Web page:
Description: An employee stepped on a skylight and fell while he was working on air conditioning and heating units on a mall roof. He fell about 20 feet to the floor of the mall’s center court. It appears that the worker did not see the skylight—possibly due to snow—and stepped on it. The worker was taken to the hospital in critical condition with major trauma to the head.
Violations: The incident is currently under investigation, meaning no violations are official. It appears that the skylight was covered with snow, so the worker did not know that it was there. However, the skylight was not surrounded with protective coverings or guardrails.
Regulations Broken: The incident is currently under investigation, but it seems that the mall broke several regulations, including OSHA 1910.23(a)(4) and ANSI A1264.1 – 2007 Section 3.4.
Prevenative Solutions: The mall could have hired workers to mark the location of skylights before the snow fell. Also, the snow could have been removed using an aerial lift, before allowing workers to climb on the roof. The aerial lift makes snow removal much safer by keeping the workers off the slippery roof and away from hazards. It also provides an anchor point for fall protection equipment. If the snow had been properly removed, he would have seen the skylight and potentially shielded it with protective covering or guardrail. He then could have seen the skylight and properly covered it with a protective covering or guardrail.
Sources: and

Case Three:

Time: January 28, 2011
Place: Toronto, Canada
Description: Workers were repairing a leak in the roof of a storage warehouse owned by their employer, APCO Industries. The rooftop had six plastic dome covered skylights. One of the workers took several steps backwards before tripping on the flashing of a skylight and falling through the roof —18 feet onto a concrete floor. His injuries were fatal.
Violations: APCO pleaded guilty for failing to ensure that workers were safe from potential hazards. A $100,000 fine was imposed by the Justice of the Peace, and the court imposed a 25 percent victim fine surcharge as required by the Provincial Offences Act.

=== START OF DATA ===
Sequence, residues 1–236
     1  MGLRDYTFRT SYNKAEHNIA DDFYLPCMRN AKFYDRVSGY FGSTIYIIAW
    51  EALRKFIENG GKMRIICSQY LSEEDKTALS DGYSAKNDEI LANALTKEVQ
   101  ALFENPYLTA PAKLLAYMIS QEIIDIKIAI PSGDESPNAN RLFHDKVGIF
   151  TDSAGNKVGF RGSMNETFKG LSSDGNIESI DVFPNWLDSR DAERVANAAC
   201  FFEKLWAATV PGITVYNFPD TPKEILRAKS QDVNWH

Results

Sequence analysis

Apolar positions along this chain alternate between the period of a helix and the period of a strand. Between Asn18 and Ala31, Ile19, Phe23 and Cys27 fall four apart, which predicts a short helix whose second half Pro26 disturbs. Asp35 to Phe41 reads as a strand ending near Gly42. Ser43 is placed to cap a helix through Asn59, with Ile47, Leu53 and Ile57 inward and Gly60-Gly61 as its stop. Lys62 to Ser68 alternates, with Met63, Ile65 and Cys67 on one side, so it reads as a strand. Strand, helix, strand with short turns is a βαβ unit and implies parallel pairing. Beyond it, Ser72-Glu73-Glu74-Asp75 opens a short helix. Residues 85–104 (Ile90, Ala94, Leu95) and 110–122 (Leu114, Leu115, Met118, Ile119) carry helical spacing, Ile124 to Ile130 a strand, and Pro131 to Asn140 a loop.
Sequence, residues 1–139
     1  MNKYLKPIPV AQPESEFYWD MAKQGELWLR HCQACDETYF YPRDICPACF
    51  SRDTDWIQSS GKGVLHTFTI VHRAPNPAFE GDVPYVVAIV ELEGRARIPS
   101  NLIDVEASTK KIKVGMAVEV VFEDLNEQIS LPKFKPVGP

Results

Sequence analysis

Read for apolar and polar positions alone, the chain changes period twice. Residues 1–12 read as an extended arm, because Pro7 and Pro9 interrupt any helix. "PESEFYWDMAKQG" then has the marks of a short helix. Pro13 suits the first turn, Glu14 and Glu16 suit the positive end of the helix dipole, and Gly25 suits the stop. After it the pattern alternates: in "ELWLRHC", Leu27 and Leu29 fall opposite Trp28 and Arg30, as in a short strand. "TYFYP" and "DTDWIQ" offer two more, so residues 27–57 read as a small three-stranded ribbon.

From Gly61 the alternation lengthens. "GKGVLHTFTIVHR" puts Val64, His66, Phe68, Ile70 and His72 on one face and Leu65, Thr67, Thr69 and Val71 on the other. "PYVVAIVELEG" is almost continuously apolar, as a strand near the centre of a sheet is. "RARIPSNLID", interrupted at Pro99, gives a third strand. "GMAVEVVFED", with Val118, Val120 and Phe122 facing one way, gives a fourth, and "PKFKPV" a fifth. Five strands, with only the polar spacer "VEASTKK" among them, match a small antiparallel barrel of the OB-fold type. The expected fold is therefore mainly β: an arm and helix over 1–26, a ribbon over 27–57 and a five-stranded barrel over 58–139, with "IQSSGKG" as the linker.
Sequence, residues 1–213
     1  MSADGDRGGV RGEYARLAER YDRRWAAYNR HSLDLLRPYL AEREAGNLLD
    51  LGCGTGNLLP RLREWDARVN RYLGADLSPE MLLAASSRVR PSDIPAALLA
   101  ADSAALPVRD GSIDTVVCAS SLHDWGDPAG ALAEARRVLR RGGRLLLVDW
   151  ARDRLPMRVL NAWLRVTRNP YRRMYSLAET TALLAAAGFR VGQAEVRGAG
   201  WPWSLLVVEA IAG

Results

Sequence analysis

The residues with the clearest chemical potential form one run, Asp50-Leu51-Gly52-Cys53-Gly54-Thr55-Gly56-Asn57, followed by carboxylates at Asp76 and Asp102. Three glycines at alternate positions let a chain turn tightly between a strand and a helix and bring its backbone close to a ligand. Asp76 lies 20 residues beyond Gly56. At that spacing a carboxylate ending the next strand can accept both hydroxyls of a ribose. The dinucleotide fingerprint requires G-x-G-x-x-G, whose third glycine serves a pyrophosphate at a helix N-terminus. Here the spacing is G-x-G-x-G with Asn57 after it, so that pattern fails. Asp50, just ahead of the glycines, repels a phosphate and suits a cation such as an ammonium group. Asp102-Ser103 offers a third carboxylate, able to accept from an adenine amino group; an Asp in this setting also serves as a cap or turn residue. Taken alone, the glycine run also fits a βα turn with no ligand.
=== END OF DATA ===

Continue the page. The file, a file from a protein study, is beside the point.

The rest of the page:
Regulations Broken: The Ontario Ministry of Labor found that there were no guardrails around the skylights to protect workers on the roof. Furthermore, the actual skylights are not legally considered “a protective covering.” The workers were also not wearing or using any form of fall protection.
Preventative Solutions: APCO could have had guardrails around each skylight and a protective covering to prevent accidental slips and trips. They should have had a safety plan in place, involving a thorough hazard assessment and the diligent use of fall protection.

Preventing falls through skylights and roof openings is as simple as installing guardrails or protective coverings. Remember to use guardrails or protective coverings rated for OSHA 1926.502(b) (guardrails), OSHA 1910.23(e)(8) (protective coverings), and ANSI A1264.1 – 2007 3.4 and E3.4 (protective coverings) standards. For more information about protecting workers from rooftop falls, check out the cover and guardrail sections of this OSHA Clarification. And remember, when and if you need workers to access a snow-covered rooftop, remove the snow from the roof and/or mark any potential fall hazards before allowing workers to climb to the top.

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Nathan Muller

Senior Technical Writer |
Nathan Muller is the Senior Technical Writer for Spanco and Rigid Lifelines. Nathan has nearly four years of experience in technical communications and copyediting. He graduated from Bob Jones University with a B.A. in English and a minor in Professional Writing. He is also a member of the Society of Technical Communication.